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I am worried about my grandson

(41 Posts)
Stumpy2561 Thu 26-Dec-19 19:07:26

This is the first time I have ever done this. This seems like a well balanced site, so I am hoping this will go well.

I am concerned about my 8 year old grandson. His mother has met a new bloke, and we have been told by a few different people he swears in front and at our grandson, this has been confirmed by my daughter, his auntie.
Discussion with his mother is impossible, as she has cut us out of her life, but occasionally allows us to see our grandson. They live in the next village.
I am concerned for my grandson, the last bloke moved out on less than 2 weeks ago, and the new one was in a week ago, I am worried what some one who can shout and swear at him today might do tomorrow. Advice please

inkcog Thu 26-Dec-19 19:15:13

2 weeks, kinda short turnaround.

notanan2 Thu 26-Dec-19 19:17:45

Swearing isnt necessarily considered rude or aggressive in some regions and groups. In fact its seen as friendly by some. That by itself isnt much to go on.

Youre basing your opinion of him on second hand gossip. If you really are well intentioned, invite him for lunch and get to know him yourself!

Doodledog Thu 26-Dec-19 19:18:14

People have very different attitudes to swearing. Some people just don't see an issue, whilst others are very upset by it. Maybe this chap is in the former camp, and is not being aggressive in his choice of language, just has a different attitude from yours?

I would be a lot ore concerned about the shouting (although not entirely comfortable with the swearing,I would try not to judge). Shouting is aggressive, and I wouldn't like to think of an 8 year old, who can't really answer back, having to take being shouted at by someone bigger than him.

I don't know that there is much that you can do, though - particularly as all you have to go on is hearsay, and as you are not allowed to see your grandson's mother (your DIL?). Is there a reason for that?

Does he come to visit you at all? If you got a chance to speak directly to him, without putting words into his mouth, you might find that it puts your mind at rest, or that he tells you something more concrete that you can act on in some way. Alternatively, you could contact his school and ask them to keep an eye on him, but I would do that only as a last resort.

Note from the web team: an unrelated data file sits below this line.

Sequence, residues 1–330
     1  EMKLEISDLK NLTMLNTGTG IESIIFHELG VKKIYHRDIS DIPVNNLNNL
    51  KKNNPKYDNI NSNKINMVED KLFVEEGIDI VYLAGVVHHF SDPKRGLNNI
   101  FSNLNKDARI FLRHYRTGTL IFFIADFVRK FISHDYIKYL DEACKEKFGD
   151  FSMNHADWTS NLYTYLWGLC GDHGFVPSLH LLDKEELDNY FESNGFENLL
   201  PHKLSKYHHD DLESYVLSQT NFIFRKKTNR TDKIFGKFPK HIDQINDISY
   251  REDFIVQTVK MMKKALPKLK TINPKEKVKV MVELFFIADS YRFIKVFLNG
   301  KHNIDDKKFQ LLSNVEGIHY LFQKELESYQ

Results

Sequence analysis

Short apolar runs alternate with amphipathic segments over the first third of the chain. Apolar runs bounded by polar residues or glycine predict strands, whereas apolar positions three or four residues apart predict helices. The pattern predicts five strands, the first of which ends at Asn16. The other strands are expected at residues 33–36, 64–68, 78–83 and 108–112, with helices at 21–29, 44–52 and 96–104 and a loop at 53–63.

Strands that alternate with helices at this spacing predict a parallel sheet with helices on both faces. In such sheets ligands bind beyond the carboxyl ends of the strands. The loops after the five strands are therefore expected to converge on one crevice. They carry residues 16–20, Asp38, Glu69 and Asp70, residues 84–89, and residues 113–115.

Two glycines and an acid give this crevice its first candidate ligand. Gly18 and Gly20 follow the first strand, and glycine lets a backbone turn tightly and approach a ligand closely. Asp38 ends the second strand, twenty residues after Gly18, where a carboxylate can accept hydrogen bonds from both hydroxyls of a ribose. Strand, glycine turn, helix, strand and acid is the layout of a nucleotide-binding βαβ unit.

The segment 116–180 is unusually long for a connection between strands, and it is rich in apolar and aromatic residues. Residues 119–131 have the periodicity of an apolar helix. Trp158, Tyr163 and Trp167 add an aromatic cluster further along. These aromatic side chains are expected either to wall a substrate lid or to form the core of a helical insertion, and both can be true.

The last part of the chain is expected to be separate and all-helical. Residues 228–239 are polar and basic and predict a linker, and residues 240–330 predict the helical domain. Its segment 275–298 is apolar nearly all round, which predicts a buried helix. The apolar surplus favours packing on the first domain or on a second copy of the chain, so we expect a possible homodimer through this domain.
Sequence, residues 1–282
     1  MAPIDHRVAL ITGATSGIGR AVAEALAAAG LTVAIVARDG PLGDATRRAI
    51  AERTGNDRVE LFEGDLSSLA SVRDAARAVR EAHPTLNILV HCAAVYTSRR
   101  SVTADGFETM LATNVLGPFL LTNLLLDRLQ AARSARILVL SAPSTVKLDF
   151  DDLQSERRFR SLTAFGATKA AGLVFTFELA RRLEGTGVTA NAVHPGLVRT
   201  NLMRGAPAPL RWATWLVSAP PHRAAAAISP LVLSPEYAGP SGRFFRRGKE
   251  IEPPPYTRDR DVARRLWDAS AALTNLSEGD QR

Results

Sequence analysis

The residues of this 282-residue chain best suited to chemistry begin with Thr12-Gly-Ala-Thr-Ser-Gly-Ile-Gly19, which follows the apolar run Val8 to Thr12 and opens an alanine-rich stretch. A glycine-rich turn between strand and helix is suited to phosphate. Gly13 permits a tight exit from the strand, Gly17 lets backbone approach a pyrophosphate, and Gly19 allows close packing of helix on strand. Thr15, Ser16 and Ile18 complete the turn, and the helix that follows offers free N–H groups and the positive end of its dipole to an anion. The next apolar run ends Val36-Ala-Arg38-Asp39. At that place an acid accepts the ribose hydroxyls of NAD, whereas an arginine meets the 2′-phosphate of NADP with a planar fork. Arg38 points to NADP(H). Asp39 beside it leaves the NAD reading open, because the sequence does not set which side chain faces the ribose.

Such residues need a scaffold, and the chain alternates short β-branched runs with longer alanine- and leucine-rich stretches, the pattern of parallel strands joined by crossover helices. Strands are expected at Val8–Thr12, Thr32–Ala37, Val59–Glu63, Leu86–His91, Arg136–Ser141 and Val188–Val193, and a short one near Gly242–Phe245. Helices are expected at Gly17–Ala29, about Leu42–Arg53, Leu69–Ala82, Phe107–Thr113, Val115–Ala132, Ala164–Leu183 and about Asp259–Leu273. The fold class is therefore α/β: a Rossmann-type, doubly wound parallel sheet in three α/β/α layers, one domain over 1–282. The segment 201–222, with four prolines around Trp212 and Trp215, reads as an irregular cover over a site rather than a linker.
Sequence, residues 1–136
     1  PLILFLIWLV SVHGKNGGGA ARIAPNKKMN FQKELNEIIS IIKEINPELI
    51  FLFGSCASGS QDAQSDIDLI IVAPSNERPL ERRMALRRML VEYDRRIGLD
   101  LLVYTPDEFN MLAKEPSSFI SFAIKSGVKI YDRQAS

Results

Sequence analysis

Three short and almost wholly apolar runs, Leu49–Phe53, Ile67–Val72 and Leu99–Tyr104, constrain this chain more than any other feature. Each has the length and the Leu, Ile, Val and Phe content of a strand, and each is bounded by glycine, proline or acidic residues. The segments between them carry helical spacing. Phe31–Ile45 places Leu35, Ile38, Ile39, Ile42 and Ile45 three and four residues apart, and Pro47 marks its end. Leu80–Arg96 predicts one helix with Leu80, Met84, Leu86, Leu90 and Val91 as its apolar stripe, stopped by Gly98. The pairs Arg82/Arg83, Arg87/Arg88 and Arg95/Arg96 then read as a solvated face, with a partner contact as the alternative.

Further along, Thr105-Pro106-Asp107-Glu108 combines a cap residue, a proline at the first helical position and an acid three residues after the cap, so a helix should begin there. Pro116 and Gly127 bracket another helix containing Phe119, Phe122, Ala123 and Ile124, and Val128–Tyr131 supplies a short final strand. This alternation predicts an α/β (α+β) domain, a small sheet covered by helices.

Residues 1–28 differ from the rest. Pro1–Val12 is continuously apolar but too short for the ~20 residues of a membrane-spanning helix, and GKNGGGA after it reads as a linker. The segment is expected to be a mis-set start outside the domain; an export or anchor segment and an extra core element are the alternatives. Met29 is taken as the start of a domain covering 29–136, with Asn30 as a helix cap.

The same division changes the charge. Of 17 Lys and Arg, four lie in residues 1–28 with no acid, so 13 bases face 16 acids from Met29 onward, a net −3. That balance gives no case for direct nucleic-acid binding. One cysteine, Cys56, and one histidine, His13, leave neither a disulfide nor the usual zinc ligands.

Doodledog Thu 26-Dec-19 19:18:43

Cross posted, Notanan2 smile

MissAdventure Thu 26-Dec-19 19:22:56

I can't understand at all a woman that would let a stranger shout at her child.

Sorry, I know that's no help.

sodapop Thu 26-Dec-19 19:24:00

Helpful comment inkcog I think Stumpy is aware of that..

I agree with notanan2 don't listen to gossip, try and get to know the new man. I can understand your concerns and your grandson must be your priority. It's difficult to stand back sometimes I know,

notanan2 Thu 26-Dec-19 19:25:27

At this point, it sounds like whether the swearing is aggressive and accompanied by agressive shouting or not is a matter of chinese whispers.

Doesnt sound like OP has met the chap.

inkcog Thu 26-Dec-19 19:29:37

Cheers, soda, but really does old " dad " move out and new one move in , int a period of 2 weeks and then start abusing kids? Ah well happy days

inkcog Thu 26-Dec-19 19:32:14

Sorry re reading now, its one week between partners. Nice.

notanan2 Thu 26-Dec-19 19:32:22

Some people shout AT people (bad).

Others have "shoutey" demonstrative dialects (not bad).

Could the gossip be digs at the mother for dating veiled as concern for the boy (who may be well cared for and happy).

Or is the mother vulnerable or neglectful and providing a volitile environment for the child.

If the aunty had genuine justifyable concerns, wouldnt they get onto school/safeguarding/SS, or get round there to help, rather than onto the blower to talk about "what she's done now"?

Hetty58 Thu 26-Dec-19 19:33:38